The Kamran Afshar- Greater Lehigh Valley Chamber of Commerce survey of Lehigh Valley businesses is done on a quarterly basis and collects around a 1,000 observations per year. The Employment and Purchasing Index for the Lehigh Valley highlights the results of these surveys.

In April 2014 we conducted our 58th survey of this series, The following is a summary of our findings.

Business sentiment, as measured by the overall index dropped to 58.9 (seasonally adjusted weighted average, SAWA) in January 2014, a 4.6% drop from October 2013. However it is still 0.4% above the January 2013 level.Overall index

It should be noted that any index above 50 means more than half of the participants were positive about the economy.

Participants’ expectations of the future showed a slight decline while their assessment of the past recorded an equally slight increase in April. However, neither change is statistically significant. The moving average of the expectations of the future has show some decline, while the assessments of the past has remained more or less constant.

The largest gain in April was in the index of planned hiring for the next 6 months. This index was up 4.5% and 5.4% respectively as measured against January 2014 and April 2013.future hire

The index of planned hiring for the next 6 months rose to 64.3 in April. For the second time in the last 6 months this index has reached this level, highest since October of 2007. This is also well inside the Valley’s expansion range of 63 to 65. Historically when this index has topped this range, the Valley has experienced a rapid employment growth in the following 6 months. And we are so very close to that threshold.

The average business participating in the survey is planning to hire 1.0 new employees in the next 6 months, an increase over January’s 0.7, however, still short of the October 2013 period when the plans were to hire 1.4 more people in the next 6 months. The more reliable index for forecasting employment over the next 6 months is the moving average of the index which is now running slightly below 1.0 which is a strong indicator for future employment.future hire-2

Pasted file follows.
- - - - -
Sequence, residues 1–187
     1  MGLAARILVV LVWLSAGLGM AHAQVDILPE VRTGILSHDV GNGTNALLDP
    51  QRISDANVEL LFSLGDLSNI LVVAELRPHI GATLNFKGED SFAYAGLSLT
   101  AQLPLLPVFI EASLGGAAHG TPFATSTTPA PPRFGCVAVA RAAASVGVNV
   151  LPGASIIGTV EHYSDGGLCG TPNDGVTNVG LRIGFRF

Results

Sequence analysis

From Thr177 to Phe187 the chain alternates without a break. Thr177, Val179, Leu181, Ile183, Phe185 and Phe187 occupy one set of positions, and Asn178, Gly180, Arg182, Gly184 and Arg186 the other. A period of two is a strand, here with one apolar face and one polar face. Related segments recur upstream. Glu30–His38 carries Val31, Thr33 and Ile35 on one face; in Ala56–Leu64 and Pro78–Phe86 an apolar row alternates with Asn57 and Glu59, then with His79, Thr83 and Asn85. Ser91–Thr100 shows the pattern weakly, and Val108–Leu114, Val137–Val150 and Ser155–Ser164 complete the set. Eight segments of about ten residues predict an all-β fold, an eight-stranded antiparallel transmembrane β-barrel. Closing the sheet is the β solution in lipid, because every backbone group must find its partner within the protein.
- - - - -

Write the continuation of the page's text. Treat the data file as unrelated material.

The percentage of the companies which are planning to increase their employment in the next 6 months was 27.8, compared to 5.7% that are planning to reduce employment at their site. The percentage of companies with plans for net increase gain in employment in January was 22.1%, which is also a very strong indicator for future employment.


The index of actual hiring during the last 6 months also rose in April, leveling at 57.8 while only 1.9% above its January level, however, it stands at whopping 7.1% above its April 2013 level. This is the highest post recession level for this index. The average business participating in the survey hired 0.9 new employees in the last 6 months.

The percentage of the companies which increased their employment has been exceeding those who reduced theirs since April 2010. And in general, the percent of those increasing has risen more than those decreasing since the end of the recession.
Conversely, the percentage of those decreasing employment has gone down more than up during the same period.

In April 28.7% of the participants in our survey increased their employment while 11.1% reduced theirs. The percentage of companies with net gain in employment in October was 17.6%.companies increase

The index of actual purchases in the last 6 months represents “where the rubber meets the road.” An average company participating in our January 2014 survey reported a 1.8% increase in their expenditures in the last six months, a significant increase above January of 0.2%. The index for actual purchases in the last 6 months stood at 59.1 in April a slight increase over January’s 58.3 and a 2.7% increase over last April’s level.past purchase

The surprising index is the index of plans for future expenditures dropped sharply to 54.7 in April after and equally sharp drop in January. This index has dropped by 13.7% since October 2013. Considering all the other variables, this is odd. Particularly since the average participant in the survey upped their plans for increasing their expenditures to 3.5% in April from 1.1% in January. Even when this index was at its post recessionary high average in October 2013, average participant was planning to increase their expenditures by only 1.7%,

The issue appears to be the defusion index, while the overall index shows very slow increase in the percentage of the companies who are planning to expand in the next 6 months, those who are expanding are doing it at an increasing rate. Those businesses in the Valley who are expanding, are raising their rate of expansion, while others are very slowly joining the fast lane.

Based on the data over the last 12 month we expect the rate of growth of the economy in the Valley to grow, however, this is clearly not across the board and the distance between leaders and followers is widening and is expected to widen even further during 2014.